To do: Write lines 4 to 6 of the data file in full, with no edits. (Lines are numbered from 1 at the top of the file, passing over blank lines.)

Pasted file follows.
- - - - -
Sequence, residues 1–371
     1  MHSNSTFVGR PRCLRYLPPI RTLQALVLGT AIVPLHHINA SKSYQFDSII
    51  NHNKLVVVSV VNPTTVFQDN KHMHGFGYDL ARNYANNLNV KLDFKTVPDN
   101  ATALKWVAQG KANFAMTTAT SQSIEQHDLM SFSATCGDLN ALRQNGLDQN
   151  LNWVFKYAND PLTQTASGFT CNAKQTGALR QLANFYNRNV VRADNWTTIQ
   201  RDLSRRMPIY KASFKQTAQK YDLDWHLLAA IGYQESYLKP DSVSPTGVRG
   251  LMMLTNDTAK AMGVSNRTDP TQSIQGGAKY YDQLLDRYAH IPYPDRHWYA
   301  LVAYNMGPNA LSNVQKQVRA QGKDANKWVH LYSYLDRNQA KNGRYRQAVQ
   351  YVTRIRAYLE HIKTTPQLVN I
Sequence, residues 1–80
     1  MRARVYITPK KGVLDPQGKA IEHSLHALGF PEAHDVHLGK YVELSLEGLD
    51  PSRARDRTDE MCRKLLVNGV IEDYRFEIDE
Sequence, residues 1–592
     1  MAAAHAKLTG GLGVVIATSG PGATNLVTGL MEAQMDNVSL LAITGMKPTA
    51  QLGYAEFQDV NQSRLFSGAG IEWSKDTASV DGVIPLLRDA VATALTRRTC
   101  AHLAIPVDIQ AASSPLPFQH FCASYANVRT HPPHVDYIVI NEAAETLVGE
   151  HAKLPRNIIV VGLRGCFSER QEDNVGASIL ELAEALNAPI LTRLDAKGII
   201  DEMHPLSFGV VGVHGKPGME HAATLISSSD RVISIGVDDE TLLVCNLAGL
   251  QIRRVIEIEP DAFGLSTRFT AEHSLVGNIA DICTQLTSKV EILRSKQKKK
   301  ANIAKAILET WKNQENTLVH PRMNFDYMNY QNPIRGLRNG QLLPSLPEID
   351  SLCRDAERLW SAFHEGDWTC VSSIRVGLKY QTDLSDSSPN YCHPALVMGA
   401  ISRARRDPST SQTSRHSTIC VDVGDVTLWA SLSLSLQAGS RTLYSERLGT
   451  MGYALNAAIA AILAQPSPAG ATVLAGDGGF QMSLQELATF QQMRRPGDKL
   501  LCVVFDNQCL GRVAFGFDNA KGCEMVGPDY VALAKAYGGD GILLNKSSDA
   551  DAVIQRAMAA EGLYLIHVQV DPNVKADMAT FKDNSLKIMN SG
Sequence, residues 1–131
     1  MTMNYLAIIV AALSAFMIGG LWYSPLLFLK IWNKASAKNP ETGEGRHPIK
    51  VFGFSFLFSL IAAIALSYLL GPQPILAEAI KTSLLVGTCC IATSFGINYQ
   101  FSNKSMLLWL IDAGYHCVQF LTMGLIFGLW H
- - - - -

   101  ATALKWVAQG KANFAMTTAT SQSIEQHDLM SFSATCGDLN ALRQNGLDQN
   151  LNWVFKYAND PLTQTASGFT CNAKQTGALR QLANFYNRNV VRADNWTTIQ
   201  RDLSRRMPIY KASFKQTAQK YDLDWHLLAA IGYQESYLKP DSVSPTGVRG